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I have not found right answer though i tried multiple search in this site. I raise the question again.

Normally, the static object member should be initialized in the source file.

//header file
class A{ 
   static B*  bPoint ;

    static void init(int argc, char** argv);

//Source file: 
B A::bPoint = new B()              //Normally, this should OK. 

But the problem is that default B construction is private and now I have to use another public construction

 B(int argc, char** argv); 

In this case, new B() would give out compilation error.. then how I can initialize the static bPoint in class A?

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What is your problem with private: B() public: B(int argc, char** argv) ? (PS: Avoid pointers) –  Dieter Lücking Dec 3 '13 at 21:19
@DieterLücking. The reason of private: B() is that we don't want to create B varibale. E.g, Singleton. –  shijie xu Dec 4 '13 at 23:29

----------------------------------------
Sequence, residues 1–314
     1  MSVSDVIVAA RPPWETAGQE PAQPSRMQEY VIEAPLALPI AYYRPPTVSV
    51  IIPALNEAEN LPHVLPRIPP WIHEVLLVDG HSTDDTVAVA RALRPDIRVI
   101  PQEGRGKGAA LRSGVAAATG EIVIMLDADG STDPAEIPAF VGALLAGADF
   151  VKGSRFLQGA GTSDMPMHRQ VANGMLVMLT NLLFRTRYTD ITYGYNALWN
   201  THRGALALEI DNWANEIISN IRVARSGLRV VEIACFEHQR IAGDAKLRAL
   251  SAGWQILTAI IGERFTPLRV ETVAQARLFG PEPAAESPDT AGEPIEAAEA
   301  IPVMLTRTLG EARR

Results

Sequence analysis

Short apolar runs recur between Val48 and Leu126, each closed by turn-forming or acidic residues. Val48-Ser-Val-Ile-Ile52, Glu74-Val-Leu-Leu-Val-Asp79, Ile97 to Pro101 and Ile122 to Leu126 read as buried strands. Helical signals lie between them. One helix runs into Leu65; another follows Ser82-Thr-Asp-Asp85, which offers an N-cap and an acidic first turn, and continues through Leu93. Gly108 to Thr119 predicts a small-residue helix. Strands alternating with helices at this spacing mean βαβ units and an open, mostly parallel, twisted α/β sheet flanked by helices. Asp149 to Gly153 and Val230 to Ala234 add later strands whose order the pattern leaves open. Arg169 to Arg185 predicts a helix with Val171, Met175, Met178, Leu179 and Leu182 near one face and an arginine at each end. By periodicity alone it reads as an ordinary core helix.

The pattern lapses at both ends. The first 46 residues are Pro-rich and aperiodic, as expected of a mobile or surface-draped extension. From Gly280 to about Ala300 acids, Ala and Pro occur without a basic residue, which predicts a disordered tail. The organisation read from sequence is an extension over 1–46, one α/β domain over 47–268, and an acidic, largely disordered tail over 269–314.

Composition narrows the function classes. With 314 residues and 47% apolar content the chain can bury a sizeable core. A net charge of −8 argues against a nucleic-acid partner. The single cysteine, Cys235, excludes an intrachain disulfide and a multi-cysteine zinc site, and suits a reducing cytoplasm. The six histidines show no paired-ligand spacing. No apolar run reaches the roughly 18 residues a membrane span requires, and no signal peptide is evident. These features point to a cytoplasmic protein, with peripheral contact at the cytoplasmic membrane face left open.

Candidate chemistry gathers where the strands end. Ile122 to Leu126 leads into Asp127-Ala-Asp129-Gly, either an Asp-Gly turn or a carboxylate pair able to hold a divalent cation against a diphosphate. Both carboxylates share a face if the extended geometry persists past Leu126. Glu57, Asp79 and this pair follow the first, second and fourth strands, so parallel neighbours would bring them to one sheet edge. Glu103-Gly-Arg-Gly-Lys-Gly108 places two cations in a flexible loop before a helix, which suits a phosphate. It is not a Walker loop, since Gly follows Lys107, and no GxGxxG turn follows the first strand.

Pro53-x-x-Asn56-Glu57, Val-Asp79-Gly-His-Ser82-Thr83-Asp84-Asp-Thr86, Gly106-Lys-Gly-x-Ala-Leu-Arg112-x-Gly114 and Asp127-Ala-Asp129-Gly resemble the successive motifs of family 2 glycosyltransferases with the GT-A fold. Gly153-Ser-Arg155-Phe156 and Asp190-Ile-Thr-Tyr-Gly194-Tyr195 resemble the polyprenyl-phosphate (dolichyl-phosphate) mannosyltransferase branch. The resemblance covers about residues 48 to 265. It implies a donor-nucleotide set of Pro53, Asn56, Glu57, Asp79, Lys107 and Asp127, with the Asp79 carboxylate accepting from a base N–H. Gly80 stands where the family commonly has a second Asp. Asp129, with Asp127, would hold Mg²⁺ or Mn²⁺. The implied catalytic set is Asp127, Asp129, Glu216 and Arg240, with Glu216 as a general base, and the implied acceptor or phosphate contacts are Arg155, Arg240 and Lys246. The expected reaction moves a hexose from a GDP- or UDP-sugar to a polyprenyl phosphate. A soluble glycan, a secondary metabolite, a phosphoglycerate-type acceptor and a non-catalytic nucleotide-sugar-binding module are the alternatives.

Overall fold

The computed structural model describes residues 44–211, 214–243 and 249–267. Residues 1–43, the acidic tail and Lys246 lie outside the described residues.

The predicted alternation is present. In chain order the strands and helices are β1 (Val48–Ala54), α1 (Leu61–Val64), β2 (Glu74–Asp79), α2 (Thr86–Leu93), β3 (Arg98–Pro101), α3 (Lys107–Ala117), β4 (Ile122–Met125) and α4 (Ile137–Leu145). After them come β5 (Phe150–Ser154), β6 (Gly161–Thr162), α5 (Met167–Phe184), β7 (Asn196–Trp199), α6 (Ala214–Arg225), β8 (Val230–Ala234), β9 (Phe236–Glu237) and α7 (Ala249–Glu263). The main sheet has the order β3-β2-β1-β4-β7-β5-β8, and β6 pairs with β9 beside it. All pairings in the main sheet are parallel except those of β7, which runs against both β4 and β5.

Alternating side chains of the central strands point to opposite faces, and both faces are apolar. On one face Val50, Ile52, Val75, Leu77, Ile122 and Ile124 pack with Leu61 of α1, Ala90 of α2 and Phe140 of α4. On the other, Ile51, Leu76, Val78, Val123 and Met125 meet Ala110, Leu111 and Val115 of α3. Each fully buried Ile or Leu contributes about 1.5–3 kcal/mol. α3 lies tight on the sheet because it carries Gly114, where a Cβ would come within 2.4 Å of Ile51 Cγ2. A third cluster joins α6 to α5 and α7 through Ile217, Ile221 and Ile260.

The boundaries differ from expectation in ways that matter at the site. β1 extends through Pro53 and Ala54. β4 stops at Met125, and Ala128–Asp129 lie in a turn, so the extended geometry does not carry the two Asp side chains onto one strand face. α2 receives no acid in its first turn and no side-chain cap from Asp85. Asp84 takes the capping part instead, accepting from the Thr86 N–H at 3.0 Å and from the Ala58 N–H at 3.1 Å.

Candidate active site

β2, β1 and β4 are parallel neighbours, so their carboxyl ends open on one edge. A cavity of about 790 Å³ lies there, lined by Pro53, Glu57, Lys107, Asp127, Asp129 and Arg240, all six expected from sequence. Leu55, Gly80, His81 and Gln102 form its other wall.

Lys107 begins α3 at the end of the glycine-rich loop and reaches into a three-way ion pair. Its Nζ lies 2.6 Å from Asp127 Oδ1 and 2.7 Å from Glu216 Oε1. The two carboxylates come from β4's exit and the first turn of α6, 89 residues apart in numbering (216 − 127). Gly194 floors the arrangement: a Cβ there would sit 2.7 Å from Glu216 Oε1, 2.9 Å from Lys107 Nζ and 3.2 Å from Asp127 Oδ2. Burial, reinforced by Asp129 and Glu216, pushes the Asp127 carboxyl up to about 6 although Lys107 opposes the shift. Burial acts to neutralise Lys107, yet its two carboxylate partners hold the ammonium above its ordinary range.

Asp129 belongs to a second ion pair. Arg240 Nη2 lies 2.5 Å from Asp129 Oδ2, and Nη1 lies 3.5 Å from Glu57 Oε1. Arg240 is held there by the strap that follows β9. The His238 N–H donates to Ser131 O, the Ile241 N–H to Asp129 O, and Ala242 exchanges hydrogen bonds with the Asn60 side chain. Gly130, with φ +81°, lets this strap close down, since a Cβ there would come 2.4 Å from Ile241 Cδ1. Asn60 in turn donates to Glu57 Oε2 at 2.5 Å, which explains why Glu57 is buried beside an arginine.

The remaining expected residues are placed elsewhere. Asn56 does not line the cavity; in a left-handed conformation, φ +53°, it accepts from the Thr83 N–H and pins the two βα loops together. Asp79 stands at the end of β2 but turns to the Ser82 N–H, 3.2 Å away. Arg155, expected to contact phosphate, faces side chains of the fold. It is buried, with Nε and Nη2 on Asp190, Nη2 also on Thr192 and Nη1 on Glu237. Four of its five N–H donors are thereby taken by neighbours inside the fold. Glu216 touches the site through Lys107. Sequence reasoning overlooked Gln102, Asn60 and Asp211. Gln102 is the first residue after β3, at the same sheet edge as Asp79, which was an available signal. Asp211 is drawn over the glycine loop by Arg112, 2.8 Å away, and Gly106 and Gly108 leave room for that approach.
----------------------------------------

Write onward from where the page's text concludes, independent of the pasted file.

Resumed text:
1 Answer 1

up vote 0 down vote accepted

The static member should be defined in the source file, but note that you can initialize it with a null pointer at first:

// source file:
B* A::bPoint;  // note the pointer to B

Then, if your problem is to forward the arguments to A::init() to the constructor of B(), you could allocate an object for bPoint inside A::init():

A::init(int argc, char** argv)
    bPoint = new B(argc, argv);
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That's right.. Thanks :) –  shijie xu Dec 3 '13 at 21:48

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